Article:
Whose body is it anyway? Verbalization, embodiment, and the creation of narratives
2009 (English)In: Health, ISSN 1363-4593, Vol. 13, no 3, 361-379 p.Article in journal (Refereed) Published
This article examines the creation of narratives between people with severe disabilities and the personnel working with them. It shows that although a co-created narrative of what it means to be severely disabled (the story of dependence) seems to prevail, another narrative (the story of autonomy) is also told, where the story of dependence is rejected by the person with disabilities. However, this story of autonomy only becomes clear if we recognize three central claims: (1) there is a connection between where the physical body of the person with disabilities is positioned in space and what he or she is allowed or able to be and do; (2) since the body is a communicative tool, the moving of the body could be interpreted as a narrative, told through the embodiment of space; and (3) the embodied story can challenge existing social structures. The article highlights the inherent struggle for power within narrations and how the creation of alternative narratives can contest existing social structures.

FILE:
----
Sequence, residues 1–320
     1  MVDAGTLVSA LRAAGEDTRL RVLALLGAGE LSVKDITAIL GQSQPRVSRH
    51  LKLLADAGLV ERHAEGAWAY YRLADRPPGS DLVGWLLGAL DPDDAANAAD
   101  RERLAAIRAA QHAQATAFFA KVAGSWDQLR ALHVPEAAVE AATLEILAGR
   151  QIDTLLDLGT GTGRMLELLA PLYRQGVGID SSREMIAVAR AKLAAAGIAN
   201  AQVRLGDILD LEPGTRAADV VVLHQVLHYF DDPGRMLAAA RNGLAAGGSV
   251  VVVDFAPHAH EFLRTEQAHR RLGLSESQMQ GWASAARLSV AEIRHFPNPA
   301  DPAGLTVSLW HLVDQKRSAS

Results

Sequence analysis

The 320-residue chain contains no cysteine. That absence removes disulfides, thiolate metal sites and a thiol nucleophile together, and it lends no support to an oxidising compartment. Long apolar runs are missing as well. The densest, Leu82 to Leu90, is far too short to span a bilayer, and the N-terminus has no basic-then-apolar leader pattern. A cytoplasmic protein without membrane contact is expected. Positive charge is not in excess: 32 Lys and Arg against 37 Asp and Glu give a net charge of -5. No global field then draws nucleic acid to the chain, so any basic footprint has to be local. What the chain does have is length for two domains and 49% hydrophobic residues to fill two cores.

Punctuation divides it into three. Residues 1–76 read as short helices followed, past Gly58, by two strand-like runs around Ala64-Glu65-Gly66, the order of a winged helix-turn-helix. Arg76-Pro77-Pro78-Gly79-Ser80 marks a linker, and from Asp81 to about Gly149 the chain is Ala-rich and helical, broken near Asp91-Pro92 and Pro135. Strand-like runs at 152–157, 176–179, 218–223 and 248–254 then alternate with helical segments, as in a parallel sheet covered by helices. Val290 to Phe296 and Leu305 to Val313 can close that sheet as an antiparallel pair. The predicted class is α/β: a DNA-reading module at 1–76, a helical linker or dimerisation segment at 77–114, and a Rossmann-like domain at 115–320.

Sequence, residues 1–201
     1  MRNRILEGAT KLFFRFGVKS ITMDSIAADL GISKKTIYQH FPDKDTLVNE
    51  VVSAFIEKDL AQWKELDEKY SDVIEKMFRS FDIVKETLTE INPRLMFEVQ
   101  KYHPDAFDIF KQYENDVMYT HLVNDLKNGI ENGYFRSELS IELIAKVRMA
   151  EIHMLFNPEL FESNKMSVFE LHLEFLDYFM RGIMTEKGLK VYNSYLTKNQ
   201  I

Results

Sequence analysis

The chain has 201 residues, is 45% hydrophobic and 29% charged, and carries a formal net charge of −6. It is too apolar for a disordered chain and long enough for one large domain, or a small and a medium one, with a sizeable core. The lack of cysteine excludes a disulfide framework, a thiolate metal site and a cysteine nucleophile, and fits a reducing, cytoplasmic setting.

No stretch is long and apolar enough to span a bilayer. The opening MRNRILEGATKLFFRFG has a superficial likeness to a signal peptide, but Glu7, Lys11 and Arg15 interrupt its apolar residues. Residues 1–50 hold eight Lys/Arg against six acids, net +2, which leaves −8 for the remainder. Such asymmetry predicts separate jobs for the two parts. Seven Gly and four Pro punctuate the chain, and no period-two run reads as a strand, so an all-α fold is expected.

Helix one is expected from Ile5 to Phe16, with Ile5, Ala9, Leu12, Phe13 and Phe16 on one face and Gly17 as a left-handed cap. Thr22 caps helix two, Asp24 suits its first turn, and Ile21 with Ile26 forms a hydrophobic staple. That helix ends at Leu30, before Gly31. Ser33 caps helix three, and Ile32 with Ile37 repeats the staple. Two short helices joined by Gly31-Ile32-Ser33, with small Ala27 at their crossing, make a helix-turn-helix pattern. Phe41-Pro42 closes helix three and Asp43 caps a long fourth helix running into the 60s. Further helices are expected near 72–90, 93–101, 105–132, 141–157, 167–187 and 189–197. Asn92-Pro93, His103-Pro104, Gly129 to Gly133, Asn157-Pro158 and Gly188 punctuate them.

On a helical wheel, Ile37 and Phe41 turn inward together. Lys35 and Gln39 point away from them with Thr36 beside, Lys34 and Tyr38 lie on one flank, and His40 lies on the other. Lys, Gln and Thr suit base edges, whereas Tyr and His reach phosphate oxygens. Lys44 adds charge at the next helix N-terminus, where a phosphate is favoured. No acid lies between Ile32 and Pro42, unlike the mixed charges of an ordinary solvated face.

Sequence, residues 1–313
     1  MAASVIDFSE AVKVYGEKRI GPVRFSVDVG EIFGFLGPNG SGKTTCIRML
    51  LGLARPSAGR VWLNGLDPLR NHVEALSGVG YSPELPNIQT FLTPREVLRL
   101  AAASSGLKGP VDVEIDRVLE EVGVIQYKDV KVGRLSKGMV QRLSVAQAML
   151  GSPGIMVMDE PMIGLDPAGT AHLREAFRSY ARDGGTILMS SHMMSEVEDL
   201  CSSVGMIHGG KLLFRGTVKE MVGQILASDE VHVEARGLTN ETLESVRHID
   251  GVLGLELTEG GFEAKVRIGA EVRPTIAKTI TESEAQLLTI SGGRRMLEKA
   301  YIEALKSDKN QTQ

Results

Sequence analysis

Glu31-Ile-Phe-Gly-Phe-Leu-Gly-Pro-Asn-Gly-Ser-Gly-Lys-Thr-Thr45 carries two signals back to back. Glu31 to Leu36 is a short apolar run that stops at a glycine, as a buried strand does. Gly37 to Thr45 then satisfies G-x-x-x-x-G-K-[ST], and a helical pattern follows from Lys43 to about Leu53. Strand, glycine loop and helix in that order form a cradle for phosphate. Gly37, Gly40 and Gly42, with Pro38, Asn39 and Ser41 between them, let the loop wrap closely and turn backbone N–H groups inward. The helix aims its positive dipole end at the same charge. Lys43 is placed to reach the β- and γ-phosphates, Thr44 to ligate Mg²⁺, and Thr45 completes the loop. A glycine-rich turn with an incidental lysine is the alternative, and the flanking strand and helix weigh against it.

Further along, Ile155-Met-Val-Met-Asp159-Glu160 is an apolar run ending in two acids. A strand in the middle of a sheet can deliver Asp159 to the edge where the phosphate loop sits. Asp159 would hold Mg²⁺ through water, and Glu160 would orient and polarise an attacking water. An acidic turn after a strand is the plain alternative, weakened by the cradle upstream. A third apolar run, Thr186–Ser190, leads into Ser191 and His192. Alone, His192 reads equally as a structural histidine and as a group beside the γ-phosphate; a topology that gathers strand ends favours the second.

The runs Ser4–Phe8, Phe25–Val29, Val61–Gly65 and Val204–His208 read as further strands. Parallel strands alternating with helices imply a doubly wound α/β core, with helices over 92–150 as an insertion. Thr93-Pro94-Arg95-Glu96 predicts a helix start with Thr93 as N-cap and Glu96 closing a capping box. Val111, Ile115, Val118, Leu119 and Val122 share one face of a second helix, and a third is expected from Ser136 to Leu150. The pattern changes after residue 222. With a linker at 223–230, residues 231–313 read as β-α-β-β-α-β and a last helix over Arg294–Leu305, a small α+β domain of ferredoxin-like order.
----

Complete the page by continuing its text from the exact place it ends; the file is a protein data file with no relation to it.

Place, publisher, year, edition, pages
2009. Vol. 13, no 3, 361-379 p.
Disability, embodiment, narratives, power relations
IdentifiersURN: urn:nbn:se:liu:diva-18034DOI: 10.1177/1363459308101808OAI: oai:DiVA.org:liu-18034DiVA: diva2:214283